I’m not quite sure of when the group slowed down but I seem to remember it slowing down toward the end of last year because everyone had some things they were busy with and had to divert their attention to these other tasks and in the mean time one of our members came back with the news from WorldCon (I think) that the publishing world is no longer accepting longer works from first time authors because it was too hard to sell these works.  The limit for first time Epic Fantasy is a maximum of 120,000 words.  That means that if the average for a published novel is 400 words per page – epic fantasy novels from first time authors would be a maximum of 300 pages.

That’s not very epic is it?

It was probably at this point when the group really got to be rather inactive as everyone tried to figure how this would impact our ambitions going forward.  There is no way we’re going to be able to break into the publishing world if we are all writing something which wouldn’t be accepted.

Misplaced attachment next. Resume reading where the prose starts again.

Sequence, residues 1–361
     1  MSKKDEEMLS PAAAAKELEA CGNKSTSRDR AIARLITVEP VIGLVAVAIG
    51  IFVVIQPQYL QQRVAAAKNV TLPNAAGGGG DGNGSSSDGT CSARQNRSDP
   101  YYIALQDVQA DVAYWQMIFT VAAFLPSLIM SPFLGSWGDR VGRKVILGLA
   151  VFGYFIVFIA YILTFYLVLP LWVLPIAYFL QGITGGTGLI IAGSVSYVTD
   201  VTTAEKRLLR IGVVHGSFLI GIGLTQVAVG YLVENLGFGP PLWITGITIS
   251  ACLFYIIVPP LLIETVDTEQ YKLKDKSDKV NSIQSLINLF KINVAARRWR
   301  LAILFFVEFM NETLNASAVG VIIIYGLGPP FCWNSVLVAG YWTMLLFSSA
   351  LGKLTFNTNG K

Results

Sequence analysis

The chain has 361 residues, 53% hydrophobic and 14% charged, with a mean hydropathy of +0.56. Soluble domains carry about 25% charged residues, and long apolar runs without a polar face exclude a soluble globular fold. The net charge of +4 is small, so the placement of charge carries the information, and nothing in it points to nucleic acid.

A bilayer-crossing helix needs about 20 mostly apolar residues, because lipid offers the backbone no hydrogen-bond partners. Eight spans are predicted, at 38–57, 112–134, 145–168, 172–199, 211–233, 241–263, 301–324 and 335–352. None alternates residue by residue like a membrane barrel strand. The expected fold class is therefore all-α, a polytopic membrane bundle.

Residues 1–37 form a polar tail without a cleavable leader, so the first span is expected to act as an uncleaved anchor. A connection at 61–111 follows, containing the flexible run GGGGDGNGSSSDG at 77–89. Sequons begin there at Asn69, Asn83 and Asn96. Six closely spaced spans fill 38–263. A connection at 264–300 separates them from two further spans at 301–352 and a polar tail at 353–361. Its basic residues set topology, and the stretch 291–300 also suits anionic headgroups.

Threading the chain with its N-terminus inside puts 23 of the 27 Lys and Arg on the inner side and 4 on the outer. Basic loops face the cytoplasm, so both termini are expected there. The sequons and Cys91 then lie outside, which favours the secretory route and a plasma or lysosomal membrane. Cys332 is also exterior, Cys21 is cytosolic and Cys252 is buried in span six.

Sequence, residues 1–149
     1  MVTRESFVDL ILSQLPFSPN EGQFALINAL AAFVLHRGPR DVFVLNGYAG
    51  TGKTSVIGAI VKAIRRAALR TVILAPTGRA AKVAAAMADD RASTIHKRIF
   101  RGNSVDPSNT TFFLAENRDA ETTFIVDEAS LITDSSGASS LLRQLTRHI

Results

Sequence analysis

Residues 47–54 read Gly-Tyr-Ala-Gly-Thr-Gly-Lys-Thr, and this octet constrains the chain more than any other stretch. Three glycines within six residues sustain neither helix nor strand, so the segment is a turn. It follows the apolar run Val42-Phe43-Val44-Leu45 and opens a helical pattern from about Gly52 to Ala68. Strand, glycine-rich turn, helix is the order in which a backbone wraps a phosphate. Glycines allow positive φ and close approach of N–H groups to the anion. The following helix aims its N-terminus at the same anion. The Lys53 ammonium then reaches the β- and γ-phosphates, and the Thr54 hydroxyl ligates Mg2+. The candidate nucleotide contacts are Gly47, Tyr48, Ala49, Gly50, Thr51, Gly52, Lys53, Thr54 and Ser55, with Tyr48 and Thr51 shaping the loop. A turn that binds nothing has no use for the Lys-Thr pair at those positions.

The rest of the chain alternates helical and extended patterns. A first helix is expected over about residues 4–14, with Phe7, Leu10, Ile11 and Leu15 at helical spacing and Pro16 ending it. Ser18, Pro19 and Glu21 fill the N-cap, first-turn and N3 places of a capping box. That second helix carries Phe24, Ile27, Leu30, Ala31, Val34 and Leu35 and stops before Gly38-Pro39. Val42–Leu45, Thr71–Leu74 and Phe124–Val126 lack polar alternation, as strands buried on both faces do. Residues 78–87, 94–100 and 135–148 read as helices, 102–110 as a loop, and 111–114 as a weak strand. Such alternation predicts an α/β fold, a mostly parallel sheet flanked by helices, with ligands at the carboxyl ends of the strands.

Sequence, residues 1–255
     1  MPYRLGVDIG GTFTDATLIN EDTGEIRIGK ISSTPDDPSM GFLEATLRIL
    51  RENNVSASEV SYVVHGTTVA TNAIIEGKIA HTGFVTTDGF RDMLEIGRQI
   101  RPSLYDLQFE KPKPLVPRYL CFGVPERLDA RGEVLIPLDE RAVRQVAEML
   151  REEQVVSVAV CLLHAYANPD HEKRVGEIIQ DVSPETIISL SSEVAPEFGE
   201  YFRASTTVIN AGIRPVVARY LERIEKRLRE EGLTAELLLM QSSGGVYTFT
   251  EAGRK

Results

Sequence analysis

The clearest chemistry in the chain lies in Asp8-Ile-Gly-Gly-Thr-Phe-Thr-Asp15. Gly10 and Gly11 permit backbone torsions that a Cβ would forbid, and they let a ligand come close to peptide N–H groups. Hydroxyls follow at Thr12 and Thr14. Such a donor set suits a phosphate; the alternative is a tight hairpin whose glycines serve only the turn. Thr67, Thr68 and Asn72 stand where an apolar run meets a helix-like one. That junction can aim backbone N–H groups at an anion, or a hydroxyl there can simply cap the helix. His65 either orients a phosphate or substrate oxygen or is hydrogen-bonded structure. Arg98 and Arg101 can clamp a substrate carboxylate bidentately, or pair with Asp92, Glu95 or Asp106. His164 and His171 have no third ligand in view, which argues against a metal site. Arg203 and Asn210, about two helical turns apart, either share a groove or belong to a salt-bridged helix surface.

But I’ve been thinking.  Patrick Rothfuss managed to sell his novel and I’m not only mentioning The Name of the Wind (pictured left) either.  I’m talking about the whole Kingslayer trilogy, which was really one novel.  There is no way that it was less than 120,000 words.  The Name of the Wind, which is now really part 1 of 3 of the whole novel must be longer than 250,000 words all by itself.  And when did he break in?  I have to say that I’m guessing here, but it must have been 2007/8 and that means that the industry has changed so much in 3/4 years.

It means that if we want to break in, we’re going to have to change our direction for the first novel before we move onto our real calling as epic fantasy writers.  The real question is in which direction to go.  My epic fantasy has always been behind my horror or “supernatural thriller” writing.  As of this evening, I am now 45% of the way through the latest draft of Pecan Hill.   The good news for me is that Pecan Hill is only planned to 100,000 words so there is no chance that I’ll have to trim the novel to hit the limit mark.